The first time I ran the Spartan Sprint in Calgary was in 2012. It turned out to be my first ever timed race; it was my gateway drug into OCR… Yada… Yada… This was my 5th time at this venue, and you’d think it would get old, but this race just evolved. Zero reference to Pokemon Go.
The Calgary race venue is at a motocross circuit in an industrial park, located just a few minutes from downtown Calgary and the world famous Calgary Stampede grounds. It seems an odd location, being so close to downtown, but it works. The festival area and parking can be quite muddy so prepare your spectators with appropriate footwear!
Such proximity to civilization means that the venue presents a sandbox in which the Western Canadian Spartan Race team can build and create without too many natural limitations. However, using such a closed environment also means that there is little in the way of natural obstacles or significant elevation gain to incorporate into the course; most of that stuff has to be worked out, planned, simulated, brought in and concentrated to achieve an experience that is worth getting bruised and muddy for.
Did they achieve that? Absolutely. You could skip to the end of this review now and just know that this was the most challenging Spartan Sprint in the history of the race in Calgary, but please read on to hear how they achieved such a great race this year.
The experience of launching off the first high ledge of the Calgary Spartan Sprint is much like climbing into a washing machine spin cycle filled with mud, water, barbed wire and fire, and from the very first deep pool of mud to the finish line the action didn’t let up for one second.
FAST AND FURIOUS
So one design triumph is using the terrain. What the course lacks in elevation, it gained in speed and variety this year. Running with the elite heat, it felt like I was on a self-propelled roller-coaster ride, hurtling towards multiple hairpin corners, over wooden log ramps, down short but steep descents, and back up over the speed-way which was full of whoops, gap jumps, double and triple jumps. In a departure from previous races on the course, additional challenges were created by making us cross the racetrack multiple times, rather than running directly on it. The hard direction changes and multiple rapid level changes kept things very interesting.
WET WET WET
Underfoot, water was plentiful and also used strategically. It’s a simple tool, but it works. Long wades and huge levels of ground saturation meant that there was never an opportunity to settle into a true running pace. Every step was devilishly muddy and rutted, meaning that every opportunity to open up the throttle was met with some kind of punishing situation involving a pool of water.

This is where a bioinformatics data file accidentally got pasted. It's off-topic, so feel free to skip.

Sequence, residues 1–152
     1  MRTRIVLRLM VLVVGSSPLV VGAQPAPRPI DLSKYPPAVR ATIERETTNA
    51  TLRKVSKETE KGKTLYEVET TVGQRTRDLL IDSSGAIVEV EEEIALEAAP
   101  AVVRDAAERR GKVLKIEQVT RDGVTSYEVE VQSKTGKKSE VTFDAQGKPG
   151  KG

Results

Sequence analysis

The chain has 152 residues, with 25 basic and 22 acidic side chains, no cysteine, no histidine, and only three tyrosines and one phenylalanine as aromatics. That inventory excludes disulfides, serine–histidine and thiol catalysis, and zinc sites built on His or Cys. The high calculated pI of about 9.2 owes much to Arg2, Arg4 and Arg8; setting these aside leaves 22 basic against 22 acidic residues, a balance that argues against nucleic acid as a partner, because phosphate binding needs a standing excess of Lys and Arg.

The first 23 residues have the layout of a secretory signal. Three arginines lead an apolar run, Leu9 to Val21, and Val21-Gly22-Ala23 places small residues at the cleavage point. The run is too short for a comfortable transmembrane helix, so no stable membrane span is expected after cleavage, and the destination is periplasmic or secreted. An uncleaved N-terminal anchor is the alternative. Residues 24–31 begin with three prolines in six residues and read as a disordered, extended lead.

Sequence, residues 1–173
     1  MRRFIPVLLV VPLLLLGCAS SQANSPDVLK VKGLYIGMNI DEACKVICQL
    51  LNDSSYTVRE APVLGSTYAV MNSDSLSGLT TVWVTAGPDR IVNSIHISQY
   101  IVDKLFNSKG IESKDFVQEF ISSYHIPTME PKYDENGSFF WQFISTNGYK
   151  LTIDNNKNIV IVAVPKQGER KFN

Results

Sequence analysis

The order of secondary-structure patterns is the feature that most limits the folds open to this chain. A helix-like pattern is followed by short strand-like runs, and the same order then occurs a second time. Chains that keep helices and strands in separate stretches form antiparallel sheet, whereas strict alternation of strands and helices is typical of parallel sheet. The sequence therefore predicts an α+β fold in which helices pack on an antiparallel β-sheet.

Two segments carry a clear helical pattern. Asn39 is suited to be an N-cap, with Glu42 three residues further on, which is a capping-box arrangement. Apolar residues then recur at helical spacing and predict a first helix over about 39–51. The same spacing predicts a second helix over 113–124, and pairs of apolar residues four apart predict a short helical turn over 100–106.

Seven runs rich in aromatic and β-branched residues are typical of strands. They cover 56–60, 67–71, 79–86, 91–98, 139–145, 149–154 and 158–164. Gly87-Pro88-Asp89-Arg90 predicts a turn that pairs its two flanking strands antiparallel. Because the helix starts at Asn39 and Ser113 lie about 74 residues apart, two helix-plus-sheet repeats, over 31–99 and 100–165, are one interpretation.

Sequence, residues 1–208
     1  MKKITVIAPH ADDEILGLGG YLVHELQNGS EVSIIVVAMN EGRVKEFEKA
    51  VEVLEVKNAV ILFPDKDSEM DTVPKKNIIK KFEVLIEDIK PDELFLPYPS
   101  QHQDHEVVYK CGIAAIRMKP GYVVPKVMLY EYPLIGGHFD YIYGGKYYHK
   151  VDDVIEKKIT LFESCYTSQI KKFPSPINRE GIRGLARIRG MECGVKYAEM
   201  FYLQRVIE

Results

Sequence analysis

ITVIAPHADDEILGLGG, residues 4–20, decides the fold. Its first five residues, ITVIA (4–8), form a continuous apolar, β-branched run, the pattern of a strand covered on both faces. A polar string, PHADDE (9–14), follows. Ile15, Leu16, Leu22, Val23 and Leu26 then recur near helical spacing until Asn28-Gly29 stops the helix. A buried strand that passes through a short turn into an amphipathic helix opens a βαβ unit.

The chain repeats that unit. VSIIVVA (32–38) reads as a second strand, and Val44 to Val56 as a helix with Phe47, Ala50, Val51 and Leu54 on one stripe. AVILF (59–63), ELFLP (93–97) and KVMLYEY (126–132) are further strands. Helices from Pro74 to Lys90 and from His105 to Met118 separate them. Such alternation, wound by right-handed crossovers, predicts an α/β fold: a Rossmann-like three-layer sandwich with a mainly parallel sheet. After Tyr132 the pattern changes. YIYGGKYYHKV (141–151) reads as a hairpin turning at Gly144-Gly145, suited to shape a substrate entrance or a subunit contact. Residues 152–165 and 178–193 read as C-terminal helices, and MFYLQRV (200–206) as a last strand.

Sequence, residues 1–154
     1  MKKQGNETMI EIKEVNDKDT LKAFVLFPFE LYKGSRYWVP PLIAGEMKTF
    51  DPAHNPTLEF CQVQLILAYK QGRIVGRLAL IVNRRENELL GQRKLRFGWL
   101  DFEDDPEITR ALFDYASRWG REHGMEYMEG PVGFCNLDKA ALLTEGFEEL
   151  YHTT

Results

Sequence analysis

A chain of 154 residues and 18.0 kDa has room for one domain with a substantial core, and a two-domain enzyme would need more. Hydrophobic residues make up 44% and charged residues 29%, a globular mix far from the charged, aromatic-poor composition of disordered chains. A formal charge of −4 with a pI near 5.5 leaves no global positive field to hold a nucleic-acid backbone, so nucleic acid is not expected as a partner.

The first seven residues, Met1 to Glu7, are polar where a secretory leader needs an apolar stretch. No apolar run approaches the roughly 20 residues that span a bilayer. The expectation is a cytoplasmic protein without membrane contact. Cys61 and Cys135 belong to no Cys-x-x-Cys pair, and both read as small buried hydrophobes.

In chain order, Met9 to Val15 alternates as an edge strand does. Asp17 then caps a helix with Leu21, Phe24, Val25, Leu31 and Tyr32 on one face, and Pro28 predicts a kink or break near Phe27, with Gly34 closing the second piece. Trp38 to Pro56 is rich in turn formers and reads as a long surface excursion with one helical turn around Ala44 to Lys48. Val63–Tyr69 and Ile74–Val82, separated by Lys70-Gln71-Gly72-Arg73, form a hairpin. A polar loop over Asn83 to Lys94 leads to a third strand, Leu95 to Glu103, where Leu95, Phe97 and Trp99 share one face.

IN WITH THE NEW
Obstacles were well spaced and strategically organized. For example, the sandbag carry took place on a long wall ride section, and the bucket carry (which was new for Calgary this year) was a short, but took place on an exceptionally steep drop off. Climbing up was a difficult grunt. I was also happy to see the atlas carry finally make an appearance in Calgary, tucked into the first 2 kilometers of the race. Maybe more significantly, this was the first year of the Western Canada Spartan series to feature a multi-rig, which was placed right after the rolling mud – and as intended, I slid right off the second ring because of the mud. People with better grip strength, or the foresight to tackle the obstacle with dry hands did very well.
A similar tactic was used by placing the rope climb almost immediately after what was a very muddy and cold barbed wire obstacle crawl. Let’s talk about the rope… Mainly because I failed that too. The ropes used in western Canada must be among the most challenging of all: this rope is a 1 inch double braided polyester flat surfaced rope, which I will be purchasing very shortly from eBay for practice purposes. Elites must climb an un-knotted version, while open heat runners can take the slightly easier knotted route. I’ve never failed a rope climb until today, but I ate another 30 burpees there. I have no complaints though. We have to embrace and love the challenges! Volunteers were expertly placed and well invested in adjudicating the obstacles.
SOME THING(S) HAD TO GIVE
The only real weak point to the whole race was the barbed wire crawl. The design of the crawl was superb from a technical standpoint (I LOVED IT), forcing Spartans to crawl between crossed spears and hay bales, but it only really allowed two channels of people to crawl through at one time. This resulted in the only real bottleneck of the race later in the open heats.
THE ALCHEMY OF DESIGN
The course designers at the Calgary race were sending a message: rapidly changing conditions, mud, water and careful course design can create a significant mess of anyone’s training plan, and that even without massive amounts of elevation gain it is possible to create something from nothing.
As a result of the design changes this year, overall pace was slower. Just as a reference point, I have run Calgary in an open heat and taken just 34 minutes. Today, the course design elements meant that it took the elite winner just under 36 minutes, while I clocked in at about 50 minutes. That time differential points to a paradigm shift in the design of the Calgary race this year.
This was a great revision of the Calgary Sprint; the race wasn’t bad before, but simple design touches had a great effect on the overall feel and success of the event. It was a reinvention of sorts, resulting in the best race Calgary has seen since Spartan began here.
Whatever happens, I’m glad to see the Spartan Race is keeping things fresh in my part of the world. Aroo!
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